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Marianna M. Newkirk


Assosiate Professor 

Mailing address
1650 Cedar Avenue, Room R4.141
Montreal, Quebec
H3G 1A4

Contact Information
Office Phone: (514) 934 1934 x44587
Lab Phone:

marianna [dot] newkirk [at] mcgill [dot] ca 

Link to Pubmed 





Research interests

Autoimmune rheumatic disease

  • Rheumatoid arthritis (RA)
  • Systemic lupus erythematosus (SLE)

New biomarkers of RA pathogenesis

RA is the leading cause of long-term disability and is very costly to society in terms of health care costs and loss of productivity of the afflicted individuals. It is important to understand the disease process to better control it, thus allowing patients to have a better quality of life.

We have recently discovered autoantibodies to IgG that is damaged by glyoxidation in RA patients with severe disease. The levels of damaged IgG correlate with markers of inflammation in Caucasians and with high blood sugar in North American Indians with RA. Interestingly, the latter have the highest incidence of RA of any ethnic group. The autoantibodies against the damaged IgG appear to be markers of severe disease. Surprisingly, there appears to be an apparent association between these autoantibodies in patients with RA and infection with Proteus mirabilis bacteria. Proteus mirabilis is a common cause of urinary tract infection. Further studies are required to determine the basis for this association. By uncovering new biomarkers of RA not only will we gain insight into the pathogenesis of this debilitating disease but also we will be better able to target therapies more appropriately.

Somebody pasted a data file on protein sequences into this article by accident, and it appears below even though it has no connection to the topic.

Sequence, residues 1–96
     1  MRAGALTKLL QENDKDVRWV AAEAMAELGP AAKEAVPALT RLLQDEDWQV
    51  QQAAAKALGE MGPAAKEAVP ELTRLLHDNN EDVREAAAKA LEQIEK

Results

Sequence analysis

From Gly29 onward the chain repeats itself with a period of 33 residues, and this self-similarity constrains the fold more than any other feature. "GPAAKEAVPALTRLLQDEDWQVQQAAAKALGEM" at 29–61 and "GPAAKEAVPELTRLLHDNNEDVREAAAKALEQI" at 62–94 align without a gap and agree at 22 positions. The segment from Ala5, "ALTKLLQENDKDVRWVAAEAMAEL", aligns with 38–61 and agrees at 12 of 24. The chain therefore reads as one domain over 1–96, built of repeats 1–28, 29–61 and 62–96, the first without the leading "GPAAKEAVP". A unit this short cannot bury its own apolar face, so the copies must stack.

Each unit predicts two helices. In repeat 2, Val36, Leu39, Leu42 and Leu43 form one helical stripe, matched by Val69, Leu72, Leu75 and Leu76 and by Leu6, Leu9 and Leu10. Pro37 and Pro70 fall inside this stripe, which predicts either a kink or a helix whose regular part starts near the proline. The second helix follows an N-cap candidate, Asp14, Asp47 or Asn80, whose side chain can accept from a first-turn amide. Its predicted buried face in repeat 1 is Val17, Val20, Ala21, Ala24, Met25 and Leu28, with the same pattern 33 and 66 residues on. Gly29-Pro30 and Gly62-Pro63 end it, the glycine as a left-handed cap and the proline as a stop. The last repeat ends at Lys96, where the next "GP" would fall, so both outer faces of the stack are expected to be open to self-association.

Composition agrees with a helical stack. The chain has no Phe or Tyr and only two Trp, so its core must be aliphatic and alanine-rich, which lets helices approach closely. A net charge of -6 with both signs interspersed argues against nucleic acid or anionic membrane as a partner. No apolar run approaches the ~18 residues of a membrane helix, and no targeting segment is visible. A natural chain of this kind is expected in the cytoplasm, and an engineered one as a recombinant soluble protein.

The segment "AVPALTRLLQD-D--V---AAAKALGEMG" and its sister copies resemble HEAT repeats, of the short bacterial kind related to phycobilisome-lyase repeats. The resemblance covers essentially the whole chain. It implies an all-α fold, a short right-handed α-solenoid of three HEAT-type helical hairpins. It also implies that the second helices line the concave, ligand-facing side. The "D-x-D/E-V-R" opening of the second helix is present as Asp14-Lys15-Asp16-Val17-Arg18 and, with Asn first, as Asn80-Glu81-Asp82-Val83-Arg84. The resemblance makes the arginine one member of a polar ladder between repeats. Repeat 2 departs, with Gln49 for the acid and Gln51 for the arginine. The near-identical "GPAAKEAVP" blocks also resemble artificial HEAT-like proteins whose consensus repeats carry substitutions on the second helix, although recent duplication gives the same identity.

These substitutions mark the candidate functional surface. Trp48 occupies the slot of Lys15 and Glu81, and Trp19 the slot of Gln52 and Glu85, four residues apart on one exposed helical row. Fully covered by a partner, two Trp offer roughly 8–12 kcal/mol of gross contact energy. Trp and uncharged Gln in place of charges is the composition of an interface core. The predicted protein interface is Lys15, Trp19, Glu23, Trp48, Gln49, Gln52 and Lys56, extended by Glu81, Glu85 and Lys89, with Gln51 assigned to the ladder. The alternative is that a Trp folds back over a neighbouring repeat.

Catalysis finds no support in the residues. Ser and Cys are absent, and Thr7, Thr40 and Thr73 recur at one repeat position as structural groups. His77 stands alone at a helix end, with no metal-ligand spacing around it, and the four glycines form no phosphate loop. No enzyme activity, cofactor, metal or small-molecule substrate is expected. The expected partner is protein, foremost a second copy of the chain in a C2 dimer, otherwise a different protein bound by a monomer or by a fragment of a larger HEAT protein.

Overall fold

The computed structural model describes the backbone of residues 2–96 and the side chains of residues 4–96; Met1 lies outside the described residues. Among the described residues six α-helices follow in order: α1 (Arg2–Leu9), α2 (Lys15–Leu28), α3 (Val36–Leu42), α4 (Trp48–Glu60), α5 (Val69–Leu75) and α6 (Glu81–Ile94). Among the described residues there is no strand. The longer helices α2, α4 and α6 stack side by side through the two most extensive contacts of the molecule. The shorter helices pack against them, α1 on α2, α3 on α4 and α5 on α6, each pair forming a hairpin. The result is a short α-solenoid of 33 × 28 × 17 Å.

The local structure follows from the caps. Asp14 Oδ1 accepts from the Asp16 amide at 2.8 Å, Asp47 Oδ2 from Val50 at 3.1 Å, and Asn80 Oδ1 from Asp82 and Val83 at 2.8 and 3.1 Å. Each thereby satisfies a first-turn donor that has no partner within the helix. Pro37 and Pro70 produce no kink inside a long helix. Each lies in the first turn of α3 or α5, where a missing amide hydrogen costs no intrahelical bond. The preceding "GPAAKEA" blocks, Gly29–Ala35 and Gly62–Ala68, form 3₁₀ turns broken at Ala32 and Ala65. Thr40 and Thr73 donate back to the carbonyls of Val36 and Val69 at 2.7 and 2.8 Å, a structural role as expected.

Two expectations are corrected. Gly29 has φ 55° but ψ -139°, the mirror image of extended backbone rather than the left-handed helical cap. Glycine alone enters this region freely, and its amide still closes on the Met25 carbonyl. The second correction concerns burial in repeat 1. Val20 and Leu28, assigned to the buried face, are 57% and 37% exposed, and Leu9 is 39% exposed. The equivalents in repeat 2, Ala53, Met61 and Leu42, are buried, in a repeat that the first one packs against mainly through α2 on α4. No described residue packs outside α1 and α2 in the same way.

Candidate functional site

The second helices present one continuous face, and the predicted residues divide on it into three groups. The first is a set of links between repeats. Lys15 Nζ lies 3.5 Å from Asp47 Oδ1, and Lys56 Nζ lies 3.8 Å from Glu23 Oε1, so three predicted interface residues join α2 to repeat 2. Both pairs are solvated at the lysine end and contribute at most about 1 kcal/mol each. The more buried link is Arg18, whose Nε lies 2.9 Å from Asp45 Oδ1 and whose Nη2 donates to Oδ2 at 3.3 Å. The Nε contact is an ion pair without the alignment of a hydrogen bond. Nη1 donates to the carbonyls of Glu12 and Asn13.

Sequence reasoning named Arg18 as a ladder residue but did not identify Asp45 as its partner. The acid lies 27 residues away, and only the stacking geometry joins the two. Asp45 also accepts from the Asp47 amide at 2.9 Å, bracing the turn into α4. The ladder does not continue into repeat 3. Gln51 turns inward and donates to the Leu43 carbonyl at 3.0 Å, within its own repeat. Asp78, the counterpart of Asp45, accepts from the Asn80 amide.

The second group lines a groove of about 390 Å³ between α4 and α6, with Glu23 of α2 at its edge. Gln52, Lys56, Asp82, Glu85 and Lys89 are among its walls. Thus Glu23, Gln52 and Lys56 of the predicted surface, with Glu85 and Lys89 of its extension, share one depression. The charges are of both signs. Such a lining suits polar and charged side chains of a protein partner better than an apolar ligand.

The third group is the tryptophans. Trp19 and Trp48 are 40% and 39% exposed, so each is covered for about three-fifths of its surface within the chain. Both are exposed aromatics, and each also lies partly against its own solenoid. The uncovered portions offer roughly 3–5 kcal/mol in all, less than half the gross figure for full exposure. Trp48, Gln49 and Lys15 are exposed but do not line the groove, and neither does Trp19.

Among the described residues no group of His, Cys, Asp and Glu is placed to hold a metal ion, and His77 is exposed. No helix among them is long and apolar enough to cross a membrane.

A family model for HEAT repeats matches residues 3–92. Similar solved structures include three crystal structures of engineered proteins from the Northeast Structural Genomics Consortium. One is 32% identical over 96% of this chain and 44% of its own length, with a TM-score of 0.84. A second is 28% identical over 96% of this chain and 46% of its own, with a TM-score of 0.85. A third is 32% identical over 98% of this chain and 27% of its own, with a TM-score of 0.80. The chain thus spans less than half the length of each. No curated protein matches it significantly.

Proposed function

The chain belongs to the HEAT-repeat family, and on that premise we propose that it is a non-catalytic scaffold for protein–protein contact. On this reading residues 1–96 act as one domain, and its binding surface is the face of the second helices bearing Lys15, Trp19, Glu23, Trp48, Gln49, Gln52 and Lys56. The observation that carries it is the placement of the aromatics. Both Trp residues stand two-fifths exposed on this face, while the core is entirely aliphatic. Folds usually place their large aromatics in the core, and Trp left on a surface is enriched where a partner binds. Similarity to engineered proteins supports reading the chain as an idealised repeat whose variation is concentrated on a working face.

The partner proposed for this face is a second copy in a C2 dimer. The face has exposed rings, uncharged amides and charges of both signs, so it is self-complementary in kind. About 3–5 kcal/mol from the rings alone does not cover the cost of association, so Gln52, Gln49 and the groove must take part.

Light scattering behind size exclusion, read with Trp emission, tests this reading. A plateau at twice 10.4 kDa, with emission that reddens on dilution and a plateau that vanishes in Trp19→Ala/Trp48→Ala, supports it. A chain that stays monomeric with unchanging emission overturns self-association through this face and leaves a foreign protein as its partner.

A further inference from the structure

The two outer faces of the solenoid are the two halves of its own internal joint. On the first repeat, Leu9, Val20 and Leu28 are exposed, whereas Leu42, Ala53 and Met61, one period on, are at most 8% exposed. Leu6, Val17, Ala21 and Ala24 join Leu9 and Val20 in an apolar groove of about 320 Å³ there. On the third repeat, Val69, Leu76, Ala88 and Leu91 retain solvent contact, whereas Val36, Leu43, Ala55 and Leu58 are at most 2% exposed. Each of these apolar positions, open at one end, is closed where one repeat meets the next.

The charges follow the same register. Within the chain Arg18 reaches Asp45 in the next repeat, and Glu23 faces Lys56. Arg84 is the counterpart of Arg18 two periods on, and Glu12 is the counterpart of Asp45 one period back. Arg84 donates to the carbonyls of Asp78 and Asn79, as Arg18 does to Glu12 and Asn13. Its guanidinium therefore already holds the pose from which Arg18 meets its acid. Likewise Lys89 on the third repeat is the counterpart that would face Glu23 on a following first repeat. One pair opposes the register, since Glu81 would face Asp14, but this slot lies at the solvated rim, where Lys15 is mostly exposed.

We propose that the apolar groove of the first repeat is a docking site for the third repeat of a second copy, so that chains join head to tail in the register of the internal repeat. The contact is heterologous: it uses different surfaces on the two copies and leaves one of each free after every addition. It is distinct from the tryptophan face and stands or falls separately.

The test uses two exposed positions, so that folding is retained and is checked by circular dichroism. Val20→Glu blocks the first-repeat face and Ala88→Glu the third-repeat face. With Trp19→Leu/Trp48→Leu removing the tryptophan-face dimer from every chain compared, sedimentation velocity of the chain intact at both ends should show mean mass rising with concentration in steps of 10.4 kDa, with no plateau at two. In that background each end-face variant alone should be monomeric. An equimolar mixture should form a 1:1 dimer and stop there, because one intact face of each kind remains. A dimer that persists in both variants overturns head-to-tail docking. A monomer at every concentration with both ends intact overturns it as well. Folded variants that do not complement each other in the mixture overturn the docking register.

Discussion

Autoimmune response to a cytomegalovirus (CMV) vaccine

Cytomegalovirus is a very common virus that can cause a mononucleosis-like disease. Once a person is infected he/she will carry the virus for life, although the immune system keeps it from causing any further disease. CMV infection, however, which occurs in utero is a leading cause of mental retardation and thus the current interest in an effective vaccine. We are studying the immune response to a CMV vaccine. We have found that the CMV vaccine stimulates an autoantibody response to a protein of the spliceosome in several but not all strains of mice, indicating a genetic susceptibility. This autoantibody response is similar to that seen in SLE. We have found that there is a link between CMV infections in man and this autoantibody response. Future studies will determine the genetic basis for this autoimmune response. Such studies will allow us to understand the interplay of infections and genetics in the generation of autoimmunity.


Ambassador by Appointment, the Agora Trophy
Dedicated by the Ambassadors' Club of the Société du Palais des Congrès de Montréal

Jeffrey Shiroky Award for excellence in the field of research in inflammatory arthritis
Dedicated by the Laurentian Conference of Rheumatology

Departmental affiliation

Medicine; Microbiology and Immunology; Physiology

Accepting students from

Experimental Medicine; Microbiology and Immunology; Physiology